Sunday, February 24, 2002
Muehlegg tests positive for EPO-like drug
MIDWAY, Utah -- Johann Muehlegg, the German-born skier who
competed for his adoptive Spain and dominated the cross-country
events at the Winter Games, was stripped of one of his three gold
medals after testing positive for a performance-enhancing drug.
Muehlegg also was ordered to leave the games, International
Olympic Committee director general Francois Carrard said during a
news conference Sunday.
The 31-year-old Muehlegg forfeits the gold he won in Saturday's
50-kilometer classic-style race.
On Thursday, Muehlegg was selected at random for a urine test.
It revealed he had taken darbepoetin, which boosts the number of
red blood cells that carry oxygen to muscles and raises endurance
Although it is not on the IOC's list of banned substances,
darbopoetin was treated as such because it has similar properties
to erythropoietin, a banned hormone known as EPO.
Mikhail Ivanov of Russia will trade in his silver for gold,
while Estonia's Andrus Veerpalu moves up to silver and fourth-place
finisher Odd-Bjoern Hjelmeset of Norway gets the bronze.
Muehlegg did not test positive for any banned substances
following his previous two victories at Soldier Hollow -- the 30K
freestyle and the 10K pursuit -- and he gets to keep those medals.
Muehlegg was among 13 skiers chosen at random to undergo blood
tests before Saturday's race, and his hemoglobin level was just
above the allowed 17.5. A follow-up test administered five minutes
later showed that the levels had fallen within the threshold.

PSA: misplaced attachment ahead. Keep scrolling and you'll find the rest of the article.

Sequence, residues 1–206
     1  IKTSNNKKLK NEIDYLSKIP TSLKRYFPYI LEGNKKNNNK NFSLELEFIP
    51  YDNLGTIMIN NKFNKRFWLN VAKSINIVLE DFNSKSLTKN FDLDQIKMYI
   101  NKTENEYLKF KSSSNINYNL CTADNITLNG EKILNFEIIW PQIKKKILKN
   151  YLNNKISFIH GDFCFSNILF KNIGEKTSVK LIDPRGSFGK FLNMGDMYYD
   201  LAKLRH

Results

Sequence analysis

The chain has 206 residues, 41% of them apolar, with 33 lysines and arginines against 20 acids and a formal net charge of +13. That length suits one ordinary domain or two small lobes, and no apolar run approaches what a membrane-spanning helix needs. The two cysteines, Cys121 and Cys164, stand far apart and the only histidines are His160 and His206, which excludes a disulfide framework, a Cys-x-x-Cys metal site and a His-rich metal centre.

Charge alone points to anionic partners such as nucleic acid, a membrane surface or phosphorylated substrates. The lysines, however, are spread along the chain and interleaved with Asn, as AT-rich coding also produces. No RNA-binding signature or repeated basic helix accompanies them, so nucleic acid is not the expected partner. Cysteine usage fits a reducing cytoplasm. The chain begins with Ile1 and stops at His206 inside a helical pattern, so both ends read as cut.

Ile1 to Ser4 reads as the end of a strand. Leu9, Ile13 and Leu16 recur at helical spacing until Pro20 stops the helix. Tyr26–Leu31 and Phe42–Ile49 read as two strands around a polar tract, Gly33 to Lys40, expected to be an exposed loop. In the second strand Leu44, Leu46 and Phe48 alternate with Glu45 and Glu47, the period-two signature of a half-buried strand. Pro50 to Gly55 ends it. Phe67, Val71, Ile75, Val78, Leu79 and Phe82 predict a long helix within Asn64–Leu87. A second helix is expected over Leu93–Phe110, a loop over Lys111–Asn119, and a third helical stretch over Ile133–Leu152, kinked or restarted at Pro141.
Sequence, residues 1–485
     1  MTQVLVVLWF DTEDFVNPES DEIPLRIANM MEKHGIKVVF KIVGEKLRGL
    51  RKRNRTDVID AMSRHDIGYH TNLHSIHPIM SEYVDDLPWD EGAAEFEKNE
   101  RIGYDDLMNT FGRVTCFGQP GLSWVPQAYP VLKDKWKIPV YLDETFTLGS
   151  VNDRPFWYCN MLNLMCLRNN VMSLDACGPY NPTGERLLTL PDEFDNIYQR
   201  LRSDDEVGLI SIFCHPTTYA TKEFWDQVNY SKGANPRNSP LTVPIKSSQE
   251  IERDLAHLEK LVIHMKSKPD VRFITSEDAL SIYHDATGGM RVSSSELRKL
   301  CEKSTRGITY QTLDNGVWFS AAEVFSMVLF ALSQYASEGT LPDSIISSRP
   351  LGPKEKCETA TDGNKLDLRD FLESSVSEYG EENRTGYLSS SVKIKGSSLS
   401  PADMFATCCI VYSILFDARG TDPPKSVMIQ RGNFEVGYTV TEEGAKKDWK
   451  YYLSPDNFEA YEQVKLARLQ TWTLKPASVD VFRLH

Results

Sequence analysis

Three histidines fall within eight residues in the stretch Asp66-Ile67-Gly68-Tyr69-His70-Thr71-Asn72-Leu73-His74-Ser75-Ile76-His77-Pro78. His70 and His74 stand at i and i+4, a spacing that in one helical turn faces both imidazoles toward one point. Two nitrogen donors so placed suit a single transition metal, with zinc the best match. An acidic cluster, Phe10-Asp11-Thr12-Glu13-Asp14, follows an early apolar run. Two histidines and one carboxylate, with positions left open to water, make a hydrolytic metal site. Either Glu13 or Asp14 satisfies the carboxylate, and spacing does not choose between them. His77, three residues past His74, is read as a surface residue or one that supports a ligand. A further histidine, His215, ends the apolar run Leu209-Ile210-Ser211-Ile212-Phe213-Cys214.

He was allowed to race, and made a strong comeback over the
final 10 kilometers to beat Ivanov by 14.9 seconds.
Expecting to enjoy being Spain's greatest-ever Winter Olympian,
Muehlegg instead was peppered with questions about the tests. He
blamed the first set of results on a switch in his diet, from
proteins to carbohydrates days before the race, and on the high
altitude, which can raise blood levels slightly to compensate for
the lack of oxygen.
"It was no problem, because the last five or six days I made a
special diet, and it's normal," he said.
On Sunday, the Spanish team doctor acknowledged that Muehlegg
had tested positive for darbopoetin, which is stronger than EPO and
stays in the body longer. He and members of the Spanish delegation
went before the IOC disciplinary committee to ask for a second
test, but the results have not been released.
Spectators at Soldier Hollow were treated to thrilling
performances over the 16 days of competition, but all anyone could
talk about Sunday was doping, which also resulted in the
disqualification of Russians Larissa Lazutina and Olga Danilova.
Frode Estil, a Norwegian cross-country skier who won two
individual silvers and a relay gold at the games, said he was
"very disappointed" in Muehlegg.
"It's very sad for the sport to have this scandal," Estil
American skier Carl Swenson argued that Muehlegg's testing was
"good news" for the sport, since it showed that the system can
detect use of darbopoetin.
"The sport's bigger than any one doping scandal," Swenson
said. "It's going to keep going, and the more they catch, the
cleaner it's going to become, eventually. if someone's caught, it's
that much cleaner."